GOP relief bill would shield companies from COVID-19-related lawsuits
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As businesses reopen in a pandemic, they’re faced with this reality: Even if they take precautions like requiring masks and social distancing, and providing hand sanitizer, “it still may not stop somebody from contracting coronavirus from somebody else that may be at their place of business,” said Andrea Sager, a small business attorney who owns her own firm.
That could mean an expensive lawsuit and even the demise of a business, she said.
Enter the GOP’s latest relief package. There is a set of provisions in it that would shield businesses from coronavirus-related lawsuits brought by customers or workers for incidents that happen over the next five years.
There are some exceptions in the bill.
“If you’re grossly negligent or you intentionally engage in harmful behavior, if you are acting that way, you’re not going to be protected, and you shouldn’t be,” Sager said.
The thing is, “gross negligence” — that’s one of the terms from the bill — is a really high legal bar.
“It doesn’t just mean you were sloppy or careless,” said David Super, who teaches law at Georgetown University. “Grossly negligent is sort of the equivalent of drunk driving in the wrong direction on an interstate.”
Lawyers for workers or customers would also have to prove that a business was not making “reasonable efforts” to comply with local COVID-19 safety rules.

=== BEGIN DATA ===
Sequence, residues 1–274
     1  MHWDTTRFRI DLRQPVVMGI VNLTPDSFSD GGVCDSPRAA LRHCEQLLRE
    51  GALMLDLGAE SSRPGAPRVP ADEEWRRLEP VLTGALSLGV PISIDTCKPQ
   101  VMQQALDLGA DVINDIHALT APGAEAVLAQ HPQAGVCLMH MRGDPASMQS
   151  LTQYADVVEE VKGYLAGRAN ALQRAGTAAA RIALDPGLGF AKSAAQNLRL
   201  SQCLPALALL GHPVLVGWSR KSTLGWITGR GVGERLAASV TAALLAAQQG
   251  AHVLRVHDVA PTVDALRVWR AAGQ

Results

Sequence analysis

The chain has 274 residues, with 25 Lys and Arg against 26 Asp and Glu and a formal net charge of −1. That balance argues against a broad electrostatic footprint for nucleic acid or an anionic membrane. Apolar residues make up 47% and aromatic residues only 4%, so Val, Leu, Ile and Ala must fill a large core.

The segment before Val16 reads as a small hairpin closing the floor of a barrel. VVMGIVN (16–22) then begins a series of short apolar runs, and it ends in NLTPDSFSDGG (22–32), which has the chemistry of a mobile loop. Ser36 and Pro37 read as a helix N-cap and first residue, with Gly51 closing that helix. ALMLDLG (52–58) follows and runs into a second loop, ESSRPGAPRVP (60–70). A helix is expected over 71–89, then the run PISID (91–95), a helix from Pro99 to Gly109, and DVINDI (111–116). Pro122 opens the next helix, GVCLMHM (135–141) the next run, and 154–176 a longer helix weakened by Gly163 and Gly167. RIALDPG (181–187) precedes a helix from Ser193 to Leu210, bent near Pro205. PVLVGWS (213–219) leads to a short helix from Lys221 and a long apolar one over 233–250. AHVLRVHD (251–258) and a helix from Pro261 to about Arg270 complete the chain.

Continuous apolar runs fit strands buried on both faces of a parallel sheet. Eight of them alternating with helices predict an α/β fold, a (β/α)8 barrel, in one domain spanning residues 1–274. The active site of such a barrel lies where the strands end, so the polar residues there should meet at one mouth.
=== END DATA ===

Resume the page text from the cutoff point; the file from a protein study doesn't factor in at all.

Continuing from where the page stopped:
Deborah Marcuse, an employment attorney who represents workers at Sanford Heisler Sharp, said all of this would send a message to companies “that taking risks with the lives of workers and customers won’t harm their bottom line.”
“That’s an incredibly dangerous message to send during a pandemic,” she said.
Even though there’s been a lot of debate about the liability proposal so far, there haven’t been that many COVID-19-related personal injury lawsuits against businesses. A very small percentage of coronavirus lawsuits fall into that category, according to the law firm Hunton Andrews Kurth.
COVID-19 Economy FAQs
What’s going on with extra COVID-19 unemployment benefits?
It’s been weeks since President Donald Trump signed an executive memorandum that was supposed to get the federal government back into the business of topping up unemployment benefits, to $400 a week. Few states, however, are currently paying even part of the benefit that the president promised. And, it looks like, in most states, the maximum additional benefit unemployment recipients will be able to get is $300.
What’s the latest on evictions?
For millions of Americans, things are looking grim. Unemployment is high, and pandemic eviction moratoriums have expired in states across the country. And as many people already know, eviction is something that can haunt a person’s life for years. For instance, getting evicted can make it hard to rent again. And that can lead to spiraling poverty.
Which retailers are requiring that people wear masks when shopping? And how are they enforcing those rules?
Walmart, Target, Lowe’s, CVS, Home Depot, Costco — they all have policies that say shoppers are required to wear a mask. When an employee confronts a customer who refuses, the interaction can spin out of control, so many of these retailers are telling their workers to not enforce these mandates. But, just having them will actually get more people to wear masks.
You can find answers to more questions on unemployment benefits and COVID-19 here.